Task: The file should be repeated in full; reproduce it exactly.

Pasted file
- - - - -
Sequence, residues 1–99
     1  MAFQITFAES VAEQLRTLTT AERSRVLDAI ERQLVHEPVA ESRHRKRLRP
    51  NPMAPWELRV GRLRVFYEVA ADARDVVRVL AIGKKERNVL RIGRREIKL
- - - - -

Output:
Sequence, residues 1–99
     1  MAFQITFAES VAEQLRTLTT AERSRVLDAI ERQLVHEPVA ESRHRKRLRP
    51  NPMAPWELRV GRLRVFYEVA ADARDVVRVL AIGKKERNVL RIGRREIKL